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Your Environment. Your Health.

Final Progress Reports: University of Kentucky: Mechanisms of Hepatic Tumor Promotion by PCBs

Superfund Research Program

Mechanisms of Hepatic Tumor Promotion by PCBs

Project Leader: Howard P. Glauert
Grant Number: P42ES007380
Funding Period: 1997 - 2005

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Final Progress Reports

Year:   2004  1999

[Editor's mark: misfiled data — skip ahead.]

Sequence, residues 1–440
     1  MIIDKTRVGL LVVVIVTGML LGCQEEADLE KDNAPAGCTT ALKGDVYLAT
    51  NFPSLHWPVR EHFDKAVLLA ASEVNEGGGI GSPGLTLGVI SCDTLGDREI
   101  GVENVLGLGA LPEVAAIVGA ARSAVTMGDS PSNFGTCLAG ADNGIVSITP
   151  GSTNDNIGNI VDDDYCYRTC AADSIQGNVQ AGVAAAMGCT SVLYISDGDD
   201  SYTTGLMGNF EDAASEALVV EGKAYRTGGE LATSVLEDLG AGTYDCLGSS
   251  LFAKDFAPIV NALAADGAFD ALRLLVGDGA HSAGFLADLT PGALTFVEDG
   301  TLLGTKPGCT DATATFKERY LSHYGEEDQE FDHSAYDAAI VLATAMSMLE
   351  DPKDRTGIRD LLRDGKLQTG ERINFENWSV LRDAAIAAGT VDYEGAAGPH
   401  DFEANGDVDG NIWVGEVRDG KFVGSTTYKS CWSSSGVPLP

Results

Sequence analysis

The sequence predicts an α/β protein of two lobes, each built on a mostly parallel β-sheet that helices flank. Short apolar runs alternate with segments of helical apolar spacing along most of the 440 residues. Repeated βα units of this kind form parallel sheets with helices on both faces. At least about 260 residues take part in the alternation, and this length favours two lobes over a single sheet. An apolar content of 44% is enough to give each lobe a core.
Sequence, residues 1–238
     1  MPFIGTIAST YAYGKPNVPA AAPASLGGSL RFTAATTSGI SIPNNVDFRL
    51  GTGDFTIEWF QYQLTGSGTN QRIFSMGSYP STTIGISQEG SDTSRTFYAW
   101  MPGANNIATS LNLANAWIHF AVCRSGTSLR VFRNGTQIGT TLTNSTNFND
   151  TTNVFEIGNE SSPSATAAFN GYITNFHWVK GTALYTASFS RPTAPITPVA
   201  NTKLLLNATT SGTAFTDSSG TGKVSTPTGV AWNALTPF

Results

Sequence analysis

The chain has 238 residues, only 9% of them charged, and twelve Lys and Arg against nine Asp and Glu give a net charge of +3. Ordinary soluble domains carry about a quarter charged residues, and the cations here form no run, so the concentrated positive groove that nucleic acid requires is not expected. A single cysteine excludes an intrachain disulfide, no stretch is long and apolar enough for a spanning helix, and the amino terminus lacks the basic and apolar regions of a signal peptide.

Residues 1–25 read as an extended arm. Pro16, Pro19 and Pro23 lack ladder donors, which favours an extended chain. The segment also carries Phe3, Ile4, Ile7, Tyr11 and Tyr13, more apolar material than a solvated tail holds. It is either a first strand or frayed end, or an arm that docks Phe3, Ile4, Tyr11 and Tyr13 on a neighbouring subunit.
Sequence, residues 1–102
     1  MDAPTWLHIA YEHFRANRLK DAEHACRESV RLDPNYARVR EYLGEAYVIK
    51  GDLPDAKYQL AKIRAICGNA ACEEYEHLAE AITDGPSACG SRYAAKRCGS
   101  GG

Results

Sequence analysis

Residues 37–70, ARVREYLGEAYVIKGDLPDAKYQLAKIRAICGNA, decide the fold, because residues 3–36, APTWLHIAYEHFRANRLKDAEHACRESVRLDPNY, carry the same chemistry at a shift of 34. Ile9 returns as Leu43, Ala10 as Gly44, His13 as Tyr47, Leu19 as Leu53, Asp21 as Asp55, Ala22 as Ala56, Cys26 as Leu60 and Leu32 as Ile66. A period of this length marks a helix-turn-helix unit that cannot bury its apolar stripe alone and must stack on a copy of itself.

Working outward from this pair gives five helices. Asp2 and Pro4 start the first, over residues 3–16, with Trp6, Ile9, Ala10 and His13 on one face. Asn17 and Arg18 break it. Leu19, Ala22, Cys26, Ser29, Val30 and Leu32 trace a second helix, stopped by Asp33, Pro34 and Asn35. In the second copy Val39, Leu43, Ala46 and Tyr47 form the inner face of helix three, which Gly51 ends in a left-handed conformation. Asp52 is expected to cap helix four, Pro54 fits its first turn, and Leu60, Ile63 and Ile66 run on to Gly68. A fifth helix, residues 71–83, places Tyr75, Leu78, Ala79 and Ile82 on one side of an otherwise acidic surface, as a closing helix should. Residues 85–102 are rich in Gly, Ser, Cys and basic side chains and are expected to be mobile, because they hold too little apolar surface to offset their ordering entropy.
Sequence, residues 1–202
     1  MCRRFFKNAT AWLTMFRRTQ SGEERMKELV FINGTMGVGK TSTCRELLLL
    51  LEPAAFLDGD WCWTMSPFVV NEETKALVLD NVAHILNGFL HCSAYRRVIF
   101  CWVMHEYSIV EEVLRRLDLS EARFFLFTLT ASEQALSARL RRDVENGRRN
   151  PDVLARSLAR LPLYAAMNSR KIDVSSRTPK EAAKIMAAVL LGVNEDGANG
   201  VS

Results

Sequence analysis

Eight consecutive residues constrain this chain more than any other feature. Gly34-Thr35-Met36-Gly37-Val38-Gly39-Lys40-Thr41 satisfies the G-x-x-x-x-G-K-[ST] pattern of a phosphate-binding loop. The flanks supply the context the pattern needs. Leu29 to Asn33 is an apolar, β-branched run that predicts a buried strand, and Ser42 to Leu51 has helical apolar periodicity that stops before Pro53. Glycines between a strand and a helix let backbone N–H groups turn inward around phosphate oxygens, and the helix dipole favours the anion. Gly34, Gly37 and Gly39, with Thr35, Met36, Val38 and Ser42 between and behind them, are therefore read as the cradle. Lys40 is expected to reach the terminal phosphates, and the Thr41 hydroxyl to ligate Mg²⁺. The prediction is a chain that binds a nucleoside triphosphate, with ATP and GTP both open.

The main goal of this project is to determine the mechanisms by which PCBs exert their promoting activity in liver carcinogenesis, i.e., ways in which they cause the progression of pre-cancerous lesions from a biochemical lesion (DNA damage) to a visible tumor.  The investigators have hypothesized that the results from the induction of oxidative stress, and therefore that increasing antioxidants in the diet could inhibit tumor promotion by PCBs.  In the past year, the team has carried out two dietary studies.  In the first, they examined if dietary selenium could inhibit the promoting activities of PCB-77 and PCB-153.  Although the highest level of selenium decreased the average size of the preneoplastic lesions induced, the number of lesions per liver was increased.  In the second study, they examined whether phytochemicals could inhibit the promoting activity of PCB-77.  β-Carotene was the most effective, with lycopene and curcumin having a lesser effect, and ellagic acid, N-acetyl cysteine, resveratrol, EGCG, and coenzyme Q-10 being ineffective.  Therefore, certain antioxidants can inhibit the promoting activities of PCBs whereas others cannot.  Another goal is to determine the role of non-hepatocytes such as Kupffer cells in the promoting activity of PCBs, using both in vivo and in vitro models.  Using the in vitro model, the investigators have observed that PCB-153 treatment increased NF-κB activation and tumor necrosis factor-α (TNF-α) secretion by Kupffer cells isolated by centrifugal elutriation. 

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